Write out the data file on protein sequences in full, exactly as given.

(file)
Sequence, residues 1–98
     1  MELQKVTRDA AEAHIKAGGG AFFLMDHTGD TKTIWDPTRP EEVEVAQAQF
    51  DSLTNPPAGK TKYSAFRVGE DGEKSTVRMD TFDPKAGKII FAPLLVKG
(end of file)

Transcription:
Sequence, residues 1–98
     1  MELQKVTRDA AEAHIKAGGG AFFLMDHTGD TKTIWDPTRP EEVEVAQAQF
    51  DSLTNPPAGK TKYSAFRVGE DGEKSTVRMD TFDPKAGKII FAPLLVKG